The Peace Corps and My Fine Feathered Friend
Funny things happened to Peace Corps volunteers living alone in far-off places tourists seldom see, on the other side of the globe from such foodie paradises as Fairway on Upper Broadway and Balducci’s in the Village. Some volunteers were known to sit and stare at one wall of their hut for hours on end. Others spent whole days deep frying beignets. I seemed to have become emotionally attached to a neighbor’s rooster.
Eat this rooster? I soon realized I couldn’t think of it. He was too beautiful, too elegant, too utterly regal.
When I asked myself how this crazy thing came to be, I could come up with a couple of fairly sane answers. The first was I didn’t have any pets in Lastoursville. I’d left my beloved Himalayan cat, Sweet Basil, at home in New York in the care of my friend and next-door neighbor, Martha. I missed him. Dîner had begun to fill Basil’s shoes, so to speak. Another reason was that Dîner was a first for me, and the novelty of our relationship was oddly appealing. He was the first living, crowing rooster I’d ever gotten that close to in the feathered flesh. Since I didn’t grow up on a farm, poultry for me had always been something only encountered in a cold, plucked, gutted, raw, lifeless, cut-up, or whole and ready-to-roast form in a grocer’s or butcher’s refrigerated meat case.
Eat this rooster, Dîner? I soon realized I couldn’t think of it. He was too beautiful, too elegant, too utterly regal. Below his bright-red crown, his widening body was covered by a feather-cape the color of the polished copper pots hanging on the kitchen wall of my New York apartment. His haughty, black tail feathers reminded me of my favorite, shiny black silk pants (now in storage), the pants I wore only to posh New York cocktail parties, and I knew I’d have no use for in the rainforest.
Dîner was dignified, too, and proud. I loved the way he strutted around my house—kingly head held high, copper chest puffed way out—like he owned the place. And what a voice! Vibrant, piercing—ear splitting, in fact, at close range. When he hopped up on my front porch and serenaded me at dawn every day, I found the sound of his commanding cock-a-doodle-doos strangely comforting.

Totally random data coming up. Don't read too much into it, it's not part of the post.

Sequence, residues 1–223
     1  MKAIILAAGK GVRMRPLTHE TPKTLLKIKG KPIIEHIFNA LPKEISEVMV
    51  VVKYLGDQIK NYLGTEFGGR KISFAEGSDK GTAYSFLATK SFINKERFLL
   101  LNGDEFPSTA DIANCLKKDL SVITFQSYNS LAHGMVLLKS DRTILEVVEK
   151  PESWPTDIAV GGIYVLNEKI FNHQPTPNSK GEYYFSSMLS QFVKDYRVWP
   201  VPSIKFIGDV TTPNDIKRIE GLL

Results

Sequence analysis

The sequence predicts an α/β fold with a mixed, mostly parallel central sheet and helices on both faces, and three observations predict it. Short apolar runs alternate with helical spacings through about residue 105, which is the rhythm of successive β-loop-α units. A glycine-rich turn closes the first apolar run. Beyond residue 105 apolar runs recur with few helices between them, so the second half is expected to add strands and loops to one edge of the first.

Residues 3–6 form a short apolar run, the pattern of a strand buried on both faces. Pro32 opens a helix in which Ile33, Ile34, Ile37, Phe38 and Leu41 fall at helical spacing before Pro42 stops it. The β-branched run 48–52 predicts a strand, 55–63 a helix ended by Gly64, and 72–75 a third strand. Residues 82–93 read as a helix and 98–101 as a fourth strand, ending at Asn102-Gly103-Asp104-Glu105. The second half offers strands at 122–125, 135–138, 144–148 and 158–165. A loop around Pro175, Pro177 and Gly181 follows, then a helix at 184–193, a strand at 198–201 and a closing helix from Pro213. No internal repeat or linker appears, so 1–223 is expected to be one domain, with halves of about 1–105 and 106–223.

How to Feed Fowl
So, instead of eating Dîner, I decided to feed him and make him happy. For selfish reasons, I guess: I wanted him to keep coming back to me.
One afternoon when I spotted him strutting away, crossing the road again, going back to his real home, I was crestfallen. Was he angry? Disappointed? Still hungry? Didn’t he like my bread? What could I do to win him back? I wondered. What do chickens eat, anyway?
One afternoon when I spotted him strutting away, crossing the road again, I was crestfallen. Was he angry?
Someone told me that chickens like to eat rice. Of course! Chicken-and-rice! Why hadn’t I thought of that? So, then, every morning, when I heard his distinctive, expectant, close-up cry, I would quietly unlock, unbolt, and unchain my front door and toss a handful of raw rice onto the porch for him. The first time I did this he was startled, almost insulted at having food thrown at him. He turned his back on me, walked off, and toured the grounds. Then he began to expect his breakfast. He didn’t even flinch as the kernels bounced and scattered at his feet. Soon, I thought, I’ll have him eating out of my hand.